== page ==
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A photo of a Dusky Nightjar (Antrostomus saturatus)
Dusky Nightjar

Dusky Nightjar

Antrostomus saturatus

The dusky nightjar, known scientifically as Antrostomus saturatus, is a rather elusive bird of the nightjar family, Caprimulgidae. This species exhibits a sooty black plumage with fine reddish cinnamon spots and bars, creating a cryptic appearance that blends seamlessly with its nocturnal habitats.

Identification Tips

Adult males of the dusky nightjar measure between 21 to 25 cm in length and weigh approximately 52.9 g. They are characterized by their sooty black upperparts adorned with reddish cinnamon spots. The face mirrors this reddish hue, while the central tail feathers are marked with similar bars and the outer three pairs boast wide white tips. The wings are blackish with cinnamon bars, and the throat and breast are speckled with white spots, separated by a narrow band of white and buff. The belly is a blend of cinnamon to buff with narrow black bars. Females resemble males but have larger reddish buff markings and narrower buff tips on the outer tail feathers. Juveniles tend to be paler and more reddish than adults.

Habitat

The dusky nightjar frequents the edges and clearings of humid montane forests, preferring these open areas to the dense interiors of the forest.

Distribution

This species has a scattered distribution across the highlands of Costa Rica and is also found on Volcán Barú in Panama's Chiriquí Province. It resides at elevations ranging from 1,500 to 3,100 meters.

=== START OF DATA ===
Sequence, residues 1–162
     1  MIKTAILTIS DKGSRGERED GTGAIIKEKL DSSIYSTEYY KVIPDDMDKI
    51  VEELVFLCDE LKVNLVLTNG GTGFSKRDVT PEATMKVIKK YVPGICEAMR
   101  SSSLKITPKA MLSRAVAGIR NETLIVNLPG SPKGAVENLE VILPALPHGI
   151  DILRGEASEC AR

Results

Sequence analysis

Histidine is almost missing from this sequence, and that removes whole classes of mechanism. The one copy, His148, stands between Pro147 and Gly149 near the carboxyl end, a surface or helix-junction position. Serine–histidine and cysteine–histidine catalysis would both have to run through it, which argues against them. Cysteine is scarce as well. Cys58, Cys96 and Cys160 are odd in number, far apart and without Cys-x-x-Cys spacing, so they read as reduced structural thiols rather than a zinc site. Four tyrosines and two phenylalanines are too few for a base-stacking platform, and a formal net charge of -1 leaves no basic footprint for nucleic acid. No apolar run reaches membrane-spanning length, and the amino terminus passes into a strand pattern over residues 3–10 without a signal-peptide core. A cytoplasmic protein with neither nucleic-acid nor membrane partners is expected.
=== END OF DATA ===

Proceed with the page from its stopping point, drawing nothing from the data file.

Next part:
Behaviour

Nocturnal by nature, the dusky nightjar typically forages from a perch several meters above ground, swooping down to catch flying insects in mid-air. It is less commonly seen foraging from the ground.

Song & Calls

The male's song is a distinctive trilled, double-noted whistle that can be transcribed as "prurrr prureee" or "prurrrr prruwhip". This song is most often heard during the breeding season, emanating from perches and occasionally from the ground, particularly on moonlit nights. The flight call is a scratchy "wheer".

Breeding

The breeding season for the dusky nightjar extends from February or March into April. Nesting habits are not well-documented, but one described nest was a small grass-lined depression containing a single egg.

Similar Species

The dusky nightjar could potentially be confused with other nightjar species, but its unique coloration and distribution help distinguish it from its relatives.

Diet and Feeding

Beetles and moths comprise the bulk of the dusky nightjar's diet, which it captures in flight during its nocturnal forays.

Conservation status

The IUCN has classified the dusky nightjar as Least Concern. With an estimated population of over 20,000 mature individuals and no immediate threats identified, the species' population is believed to be stable.

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Dusky Nightjars on Birda

Sightings
A map showing the sighting location
🐓
James M
03 Mar 2024 - 1:37am
Costa Rica

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